Wait - email is not an electronic messaging system?
- “In 1992, email was not in common use and thus the reference to “electronic messaging system” is unlikely to have been intended to include it.”
The court does not seem to have heard any evidence on this point. A glance at Wikipedia would suggest this is wildly wrong: the SMTP protocol, over which email is still transferred today, was published in 1982. It is true that the expression “email” didn’t enter the lexicon until 1993 – but that is consistent with it being treated back then as just a kind of electronic messaging system.
Side note: This is the only plausible grounds for the decision: Clearly, by 2002, someone at ISDA had decided that email and electornic messaging systems were different things. A curious view — but then, isn’t so much of our beloved ISDA Master Agreement delightfully curious?
The intellectual endeavour here is interesting: Firstly, to interpret the agreement, the court looked at the intentions of the committee who drafted the form of 1992 ISDA, and not those of the parties who negotiated this actual agreement. But ISDA was not a party to the contract. Sure, it may have been on ISDA’s 1992 form, but it was signed in 2006, by which time “email” was common. The expectations of some Luddite banking specialists when they crafted a standard form nearly two decades earlier really ought to have been besides the point.
In any case, why — in 2006 — would parties deliberately include all electronic messaging systems except email? All the more so, since email is the only means of communication even vaguely corresponding to “an electronic messaging system” than a Welsh hotelier would be likely to have?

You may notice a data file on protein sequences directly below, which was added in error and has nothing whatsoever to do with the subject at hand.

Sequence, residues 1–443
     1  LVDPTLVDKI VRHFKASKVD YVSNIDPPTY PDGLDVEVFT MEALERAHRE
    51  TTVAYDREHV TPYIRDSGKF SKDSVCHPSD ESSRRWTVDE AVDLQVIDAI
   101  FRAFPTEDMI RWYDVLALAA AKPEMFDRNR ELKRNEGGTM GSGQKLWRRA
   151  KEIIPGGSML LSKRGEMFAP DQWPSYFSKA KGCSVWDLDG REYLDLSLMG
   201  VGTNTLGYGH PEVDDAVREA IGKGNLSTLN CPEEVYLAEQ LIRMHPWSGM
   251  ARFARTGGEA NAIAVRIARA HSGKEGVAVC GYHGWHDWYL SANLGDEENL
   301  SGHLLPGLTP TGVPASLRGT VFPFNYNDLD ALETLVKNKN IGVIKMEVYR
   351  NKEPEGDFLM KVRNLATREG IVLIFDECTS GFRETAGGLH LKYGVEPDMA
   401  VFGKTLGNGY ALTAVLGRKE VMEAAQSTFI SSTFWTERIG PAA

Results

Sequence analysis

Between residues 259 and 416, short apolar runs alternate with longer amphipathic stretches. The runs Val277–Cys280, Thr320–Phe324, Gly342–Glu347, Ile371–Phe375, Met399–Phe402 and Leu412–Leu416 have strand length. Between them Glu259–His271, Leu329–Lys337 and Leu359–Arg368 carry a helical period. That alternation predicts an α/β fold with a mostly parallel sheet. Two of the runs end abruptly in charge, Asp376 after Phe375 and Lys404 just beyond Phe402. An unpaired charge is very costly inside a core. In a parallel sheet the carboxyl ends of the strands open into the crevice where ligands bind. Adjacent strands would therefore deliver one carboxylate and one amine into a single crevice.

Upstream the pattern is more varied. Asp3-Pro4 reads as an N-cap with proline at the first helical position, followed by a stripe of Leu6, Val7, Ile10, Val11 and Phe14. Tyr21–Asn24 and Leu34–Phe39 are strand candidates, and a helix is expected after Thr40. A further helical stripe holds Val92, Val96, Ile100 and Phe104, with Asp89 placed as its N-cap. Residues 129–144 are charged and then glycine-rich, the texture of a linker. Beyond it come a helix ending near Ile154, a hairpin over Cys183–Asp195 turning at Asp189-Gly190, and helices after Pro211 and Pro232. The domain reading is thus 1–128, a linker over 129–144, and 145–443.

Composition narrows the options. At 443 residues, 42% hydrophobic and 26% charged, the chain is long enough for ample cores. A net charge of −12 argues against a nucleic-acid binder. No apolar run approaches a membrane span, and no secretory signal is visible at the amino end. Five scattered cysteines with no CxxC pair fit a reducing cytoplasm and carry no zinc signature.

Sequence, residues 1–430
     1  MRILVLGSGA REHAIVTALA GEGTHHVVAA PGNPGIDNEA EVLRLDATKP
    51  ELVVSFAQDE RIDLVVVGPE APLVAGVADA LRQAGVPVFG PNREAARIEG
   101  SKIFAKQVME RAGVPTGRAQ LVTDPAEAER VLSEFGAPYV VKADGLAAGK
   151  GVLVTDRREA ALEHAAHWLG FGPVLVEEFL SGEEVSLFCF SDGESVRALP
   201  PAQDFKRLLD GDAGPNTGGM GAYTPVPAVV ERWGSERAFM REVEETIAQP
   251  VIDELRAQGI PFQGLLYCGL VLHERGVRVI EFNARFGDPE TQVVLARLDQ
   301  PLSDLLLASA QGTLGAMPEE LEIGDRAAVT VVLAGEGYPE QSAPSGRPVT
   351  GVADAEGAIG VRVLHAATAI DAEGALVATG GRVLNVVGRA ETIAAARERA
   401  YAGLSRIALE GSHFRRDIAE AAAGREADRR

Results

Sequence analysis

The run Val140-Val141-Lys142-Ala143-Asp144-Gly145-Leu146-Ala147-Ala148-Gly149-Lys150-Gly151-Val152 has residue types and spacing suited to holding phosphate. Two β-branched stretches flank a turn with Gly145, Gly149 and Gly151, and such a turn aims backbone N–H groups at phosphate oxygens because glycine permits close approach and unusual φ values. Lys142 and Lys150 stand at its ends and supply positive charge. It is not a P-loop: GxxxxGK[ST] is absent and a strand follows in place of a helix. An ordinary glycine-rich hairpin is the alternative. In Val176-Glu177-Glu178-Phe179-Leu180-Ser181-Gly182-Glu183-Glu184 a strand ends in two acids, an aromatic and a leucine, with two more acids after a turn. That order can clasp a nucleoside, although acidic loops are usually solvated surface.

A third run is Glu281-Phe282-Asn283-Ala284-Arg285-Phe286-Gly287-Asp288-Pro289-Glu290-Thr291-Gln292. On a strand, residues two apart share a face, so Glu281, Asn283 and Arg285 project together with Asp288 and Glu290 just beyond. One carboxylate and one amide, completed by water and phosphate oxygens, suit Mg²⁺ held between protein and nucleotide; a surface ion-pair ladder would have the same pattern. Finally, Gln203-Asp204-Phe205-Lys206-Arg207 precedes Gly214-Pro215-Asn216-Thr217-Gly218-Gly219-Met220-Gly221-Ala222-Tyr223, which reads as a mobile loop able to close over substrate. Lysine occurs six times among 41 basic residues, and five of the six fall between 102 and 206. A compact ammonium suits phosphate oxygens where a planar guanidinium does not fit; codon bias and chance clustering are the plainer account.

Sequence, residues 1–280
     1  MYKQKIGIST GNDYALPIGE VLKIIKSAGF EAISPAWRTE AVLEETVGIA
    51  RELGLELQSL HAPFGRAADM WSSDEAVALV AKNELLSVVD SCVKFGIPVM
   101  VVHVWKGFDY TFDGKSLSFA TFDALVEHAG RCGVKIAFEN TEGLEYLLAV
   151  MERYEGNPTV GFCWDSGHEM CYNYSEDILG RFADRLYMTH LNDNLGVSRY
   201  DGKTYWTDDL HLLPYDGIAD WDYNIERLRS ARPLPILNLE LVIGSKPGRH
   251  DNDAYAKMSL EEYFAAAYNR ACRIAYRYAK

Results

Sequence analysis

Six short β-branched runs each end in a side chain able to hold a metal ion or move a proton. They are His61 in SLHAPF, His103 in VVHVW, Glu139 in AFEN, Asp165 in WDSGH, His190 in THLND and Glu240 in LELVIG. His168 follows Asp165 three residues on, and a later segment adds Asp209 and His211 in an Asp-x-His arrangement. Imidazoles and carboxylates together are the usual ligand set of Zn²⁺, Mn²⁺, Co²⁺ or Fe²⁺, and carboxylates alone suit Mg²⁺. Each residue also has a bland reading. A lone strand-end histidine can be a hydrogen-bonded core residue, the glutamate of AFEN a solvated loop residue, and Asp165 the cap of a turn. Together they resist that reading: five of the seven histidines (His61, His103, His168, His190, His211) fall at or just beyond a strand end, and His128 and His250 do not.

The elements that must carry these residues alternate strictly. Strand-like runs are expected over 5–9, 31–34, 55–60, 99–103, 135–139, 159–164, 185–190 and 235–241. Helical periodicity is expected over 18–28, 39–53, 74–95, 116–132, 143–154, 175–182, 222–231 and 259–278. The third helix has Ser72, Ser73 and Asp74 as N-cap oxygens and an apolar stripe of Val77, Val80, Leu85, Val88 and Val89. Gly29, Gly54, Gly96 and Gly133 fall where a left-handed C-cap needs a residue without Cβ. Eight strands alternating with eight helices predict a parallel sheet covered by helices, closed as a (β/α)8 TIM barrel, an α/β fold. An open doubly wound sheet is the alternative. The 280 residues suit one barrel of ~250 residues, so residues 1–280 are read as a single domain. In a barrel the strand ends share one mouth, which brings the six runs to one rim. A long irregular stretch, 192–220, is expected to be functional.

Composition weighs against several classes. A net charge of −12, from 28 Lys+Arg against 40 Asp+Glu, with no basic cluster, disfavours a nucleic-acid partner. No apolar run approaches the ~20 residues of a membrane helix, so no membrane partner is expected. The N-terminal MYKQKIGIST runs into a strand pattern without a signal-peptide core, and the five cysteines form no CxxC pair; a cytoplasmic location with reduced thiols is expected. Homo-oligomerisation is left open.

The court also needed also to draw a peculiar, narrow meaning of the word “system” to rule that while email may be a means of communicating electronic messages, it is not a “system”. SWIFT, thought the court, is a messaging system. SMTP over the Internet is not. You have to squint really hard and hold your head in a funny way to follow that logic. Hotel owners in Wales can’t communicate by SWIFT. Whether or not they had modern email in mind, the drafters of the 1992 ISDA certainly weren’t contemplating Welsh hoteliers.
What’s oddest about this is that the court needed to make none of these assertions to find service invalid, because Greenclose hadn’t supplied an email address in the Schedule in any case. However you construe Section 12, there was no agreed email address to which NatWest could send Greenclose a message. Therefore, valid communication by email “under Section 12” was not possible. Case closed.
(The court was also exercised mightily about whether a non-conforming notification, even if effective, would count for the purposes of exercising options under the ISDA Master Agreement. Here again it chose the path less traveled, construing the statement “any notice or other communication may be given in any manner described below” as meaning it may only be given in that manner.
Which raises another question: what if the court had found that a notice, though non-compliant, had, in fact, been delivered to Mr. Greenclose? Would it still follow substance over form and disallow the claim?
Questions that won’t be answered for now, as NatWest did not appeal the decision. The world is a less certain place.